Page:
Boom, all the tests ran against the local environment, this is double checked using the npx playwright show-report and going into the trace file to see the actual network request.

Adding a script to make running this easy!

Now that we have a working example let's add a script to the package.json file to make running tests even easier in different configurations. I've added 2 different test configurations one for a staging environment an another for the local environment.

// package.json
  "scripts": {
    "ut": "jest --verbose",
    "test": "npx playwright test",
    "test:staging": "test_env=staging npx playwright test",
    "test:local": "test_env=local npx playwright test",

I also went ahead and updated Playwright to the latest version 1.38.1 to take advantage of the latest updates to the trace viewer making it even easier to see the API requests when debugging.

A link to the initial implementation can be found below along with some other changes.

Update env variables by BMayhew · Pull Request #13 · playwrightsolutions/playwright-api-test-demo
Summary by CodeRabbitHere’s the lowdown on the changes you’ve made, fam: Changeset 1: Added JSON schemas for booking-related data. It defines the structure and types of booking objects. Get read...

Adding AI to code review process

I am using the GitHub Action ai-pr-reviewer, using the file below. All the docs can be found on the docs of the action. I did modify the original action to utilize gpt-3.5-turbo mainly because I am cheap, knowing that I will have lower quality results. I also updated the output attempting to make the reviewer snarky, arrogant, opinionated, critical, funny, and using slang that millennials use.

// .github/workflows/openai-pr-reviewer.yml

name: Code Review

  contents: read
  pull-requests: write

    types: [created]

  group: ${{ github.repository }}-${{ github.event.number || github.head_ref ||
    github.sha }}-${{ github.workflow }}-${{ github.event_name ==
    'pull_request_review_comment' && 'pr_comment' || 'pr' }}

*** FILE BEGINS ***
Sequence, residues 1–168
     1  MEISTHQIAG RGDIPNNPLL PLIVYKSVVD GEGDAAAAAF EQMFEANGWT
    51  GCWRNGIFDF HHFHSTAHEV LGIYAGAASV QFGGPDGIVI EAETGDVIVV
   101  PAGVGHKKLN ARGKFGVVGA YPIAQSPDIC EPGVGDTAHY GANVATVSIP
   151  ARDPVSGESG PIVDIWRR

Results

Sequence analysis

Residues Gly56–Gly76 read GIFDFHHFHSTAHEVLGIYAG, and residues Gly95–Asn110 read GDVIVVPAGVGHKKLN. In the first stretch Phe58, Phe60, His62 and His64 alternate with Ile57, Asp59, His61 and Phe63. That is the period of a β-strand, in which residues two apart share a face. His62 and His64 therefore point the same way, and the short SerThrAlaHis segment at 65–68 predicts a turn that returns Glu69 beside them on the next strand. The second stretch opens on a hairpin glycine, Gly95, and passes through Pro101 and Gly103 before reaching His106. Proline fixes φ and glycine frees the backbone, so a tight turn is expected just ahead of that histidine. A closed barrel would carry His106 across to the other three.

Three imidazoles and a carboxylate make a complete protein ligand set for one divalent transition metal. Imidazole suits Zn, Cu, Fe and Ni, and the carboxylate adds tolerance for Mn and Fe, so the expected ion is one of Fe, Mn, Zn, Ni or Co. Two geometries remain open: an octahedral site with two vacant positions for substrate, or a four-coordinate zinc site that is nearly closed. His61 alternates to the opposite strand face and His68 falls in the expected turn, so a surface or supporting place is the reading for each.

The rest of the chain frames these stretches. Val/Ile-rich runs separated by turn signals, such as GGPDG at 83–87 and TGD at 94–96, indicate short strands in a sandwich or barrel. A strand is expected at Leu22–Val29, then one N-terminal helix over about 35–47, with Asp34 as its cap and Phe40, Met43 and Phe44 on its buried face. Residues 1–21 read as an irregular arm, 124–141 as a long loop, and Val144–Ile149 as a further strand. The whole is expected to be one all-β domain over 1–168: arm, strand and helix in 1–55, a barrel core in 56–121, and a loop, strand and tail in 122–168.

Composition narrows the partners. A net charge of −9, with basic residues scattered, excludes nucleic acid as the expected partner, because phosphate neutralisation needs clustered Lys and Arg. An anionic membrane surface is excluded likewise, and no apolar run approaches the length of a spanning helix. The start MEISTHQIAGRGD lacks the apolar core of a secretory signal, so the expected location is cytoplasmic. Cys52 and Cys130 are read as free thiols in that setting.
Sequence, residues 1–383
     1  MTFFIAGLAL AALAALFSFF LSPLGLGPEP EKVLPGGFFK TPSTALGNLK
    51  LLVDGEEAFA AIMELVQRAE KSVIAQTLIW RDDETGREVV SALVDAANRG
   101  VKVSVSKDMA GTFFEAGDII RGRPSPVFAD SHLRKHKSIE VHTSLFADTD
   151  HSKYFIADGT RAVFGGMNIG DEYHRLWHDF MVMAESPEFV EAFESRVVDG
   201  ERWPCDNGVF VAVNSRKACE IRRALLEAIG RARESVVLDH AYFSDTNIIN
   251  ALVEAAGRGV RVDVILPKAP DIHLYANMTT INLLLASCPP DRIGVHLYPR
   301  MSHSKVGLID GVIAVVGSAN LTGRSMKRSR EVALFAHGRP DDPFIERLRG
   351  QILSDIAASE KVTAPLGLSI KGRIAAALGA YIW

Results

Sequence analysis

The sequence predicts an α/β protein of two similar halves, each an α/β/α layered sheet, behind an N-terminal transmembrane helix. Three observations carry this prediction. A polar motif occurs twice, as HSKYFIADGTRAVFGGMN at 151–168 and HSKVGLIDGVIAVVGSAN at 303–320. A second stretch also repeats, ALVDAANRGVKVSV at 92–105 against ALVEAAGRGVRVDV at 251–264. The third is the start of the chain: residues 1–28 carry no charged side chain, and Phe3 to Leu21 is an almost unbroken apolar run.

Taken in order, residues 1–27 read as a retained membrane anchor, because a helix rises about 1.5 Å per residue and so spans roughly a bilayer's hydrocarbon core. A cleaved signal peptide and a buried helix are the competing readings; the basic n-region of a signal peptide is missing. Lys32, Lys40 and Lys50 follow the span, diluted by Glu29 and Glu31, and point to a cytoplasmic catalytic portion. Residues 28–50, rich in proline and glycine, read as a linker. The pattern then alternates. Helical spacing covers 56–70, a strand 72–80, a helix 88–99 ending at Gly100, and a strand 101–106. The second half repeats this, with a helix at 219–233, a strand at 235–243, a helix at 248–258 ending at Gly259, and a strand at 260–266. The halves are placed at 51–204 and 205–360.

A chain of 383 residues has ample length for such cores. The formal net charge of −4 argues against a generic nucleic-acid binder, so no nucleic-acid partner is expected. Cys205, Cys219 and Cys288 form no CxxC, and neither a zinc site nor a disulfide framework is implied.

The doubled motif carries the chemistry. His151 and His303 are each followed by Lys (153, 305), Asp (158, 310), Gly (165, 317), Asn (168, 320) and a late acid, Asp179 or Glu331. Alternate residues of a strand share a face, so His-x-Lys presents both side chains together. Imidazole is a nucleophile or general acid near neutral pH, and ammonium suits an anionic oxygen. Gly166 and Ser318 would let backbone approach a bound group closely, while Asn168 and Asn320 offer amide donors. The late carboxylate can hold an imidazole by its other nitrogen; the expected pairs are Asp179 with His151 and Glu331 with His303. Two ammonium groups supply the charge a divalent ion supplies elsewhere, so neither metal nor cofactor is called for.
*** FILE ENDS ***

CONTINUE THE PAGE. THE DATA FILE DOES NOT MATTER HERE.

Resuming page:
cancel-in-progress: ${{ github.event_name != 'pull_request_review_comment' }}

    runs-on: ubuntu-latest
      - uses: coderabbitai/ai-pr-reviewer@latest
          GITHUB_TOKEN: ${{ secrets.GITHUB_TOKEN }}
          OPENAI_API_KEY: ${{ secrets.OPENAI_API_KEY }}
          debug: false
          review_simple_changes: false
          review_comment_lgtm: false
          openai_light_model: "gpt-3.5-turbo"
          openai_heavy_model: "gpt-3.5-turbo"
          summarize_release_notes: |
            Craft concise release notes for the pull request. 
            Focus on the purpose and user impact, categorizing changes as "New Feature", "Bug Fix", 
            "Documentation", "Refactor", "Style", "Test", "Chore", or "Revert". Provide a bullet-point list, 
            e.g., "- New Feature: Added search functionality to the UI". Limit your response to 50-100 words 
            and emphasize features visible to the end-user while omitting code-level details. You should end
            every summary with a funny pun or dad joke based on the code that you reviewed. 
            There is no need to call it a dad joke or put just say it. An example of a
            dad joke is "I'm afraid for the calendar. Its days are numbered."

          system_message: |